People who work more than 10 hours a day are
around 60 per cent more likely to develop heart
disease or have a heart attack than people who work
seven hours a day.
That's the headline finding
form a new study focusing on the working lives of
6000 UK civil servants with no previous history of
heart disease who were tracked over 11 years.
During this time, 369 of them died from heart
disease or had heart attacks or angina.
researchers took into account factors such as age,
sex, marital status and occupational level, they
found those who worked three to four hours of
overtime each day increased their risk for heart
disease by 60 percent.
The leader of the study,
epidemiologist Dr Marianna Virtanen from the Finnish
Institute of Occupational Health, Helsinki and
University College London (UK), said:
"The association between long hours and
coronary heart disease was independent of a
range of risk factors that we measured at the
start of the study, such as smoking, being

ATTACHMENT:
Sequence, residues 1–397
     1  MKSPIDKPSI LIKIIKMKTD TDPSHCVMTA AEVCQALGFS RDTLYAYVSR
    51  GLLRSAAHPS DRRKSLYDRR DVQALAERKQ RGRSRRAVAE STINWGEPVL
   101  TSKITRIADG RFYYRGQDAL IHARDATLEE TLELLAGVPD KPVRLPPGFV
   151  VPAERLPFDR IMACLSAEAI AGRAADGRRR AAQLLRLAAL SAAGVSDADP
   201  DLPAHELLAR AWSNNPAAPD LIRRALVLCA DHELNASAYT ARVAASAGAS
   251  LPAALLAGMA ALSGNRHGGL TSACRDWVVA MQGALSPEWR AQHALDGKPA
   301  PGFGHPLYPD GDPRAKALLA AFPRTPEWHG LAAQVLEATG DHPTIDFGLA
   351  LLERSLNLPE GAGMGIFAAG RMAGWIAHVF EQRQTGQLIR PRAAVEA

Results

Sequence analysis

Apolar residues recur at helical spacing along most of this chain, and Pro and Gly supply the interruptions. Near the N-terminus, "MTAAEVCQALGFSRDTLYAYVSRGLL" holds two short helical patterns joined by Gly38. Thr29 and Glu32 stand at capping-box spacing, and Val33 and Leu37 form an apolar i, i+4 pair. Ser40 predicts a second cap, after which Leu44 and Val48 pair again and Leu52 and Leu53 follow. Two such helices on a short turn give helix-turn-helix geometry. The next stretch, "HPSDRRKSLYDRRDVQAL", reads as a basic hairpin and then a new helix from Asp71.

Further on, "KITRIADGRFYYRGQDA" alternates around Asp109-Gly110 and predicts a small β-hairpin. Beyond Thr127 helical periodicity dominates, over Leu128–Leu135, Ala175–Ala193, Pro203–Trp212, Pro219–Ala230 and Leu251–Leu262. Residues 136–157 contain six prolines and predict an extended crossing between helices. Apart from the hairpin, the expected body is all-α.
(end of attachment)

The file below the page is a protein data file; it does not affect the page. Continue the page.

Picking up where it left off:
overweight, or having high cholesterol.
findings suggest a link between working long
hours and increased CHD [coronary heart disease]
risk, but more research is needed before we can
be confident that overtime work would cause CHD.
In addition, we need more research on other
health outcomes, such as depression and type 2
While it isn't clear why working overtime appears
to increase the risk for heart disease, Virtanen's
team speculates that the people who choose to work
overtime may be those with so-called 'type A
This makes them more aggressive,
competitive, tense, time-conscious and generally
hostile. They may also have signs of depression and
anxiety, and may not get enough sleep, or not enough
time to relax before going to sleep.
It is also possible that people who have more
freedom over work-related decisions may have a lower
risk of heart disease even if they work overtime,
the researchers added.
Other possible explanations include
- high blood pressure that is associated with
work-related stress but is "hidden" because it
doesn't necessarily show up during medical
- "sickness presenteeism" whereby employees
who work overtime are more likely to work while
ill, ignore symptoms of ill health and not seek
- chronic stress, associated with working long
hours, has an adverse effect on health.
The researchers also think it is possible that
people in jobs where they have more freedom or
latitude over their work-related decisions may have
a lower risk of CHD despite working overtime.
This would tie in with
another health study we recently reported on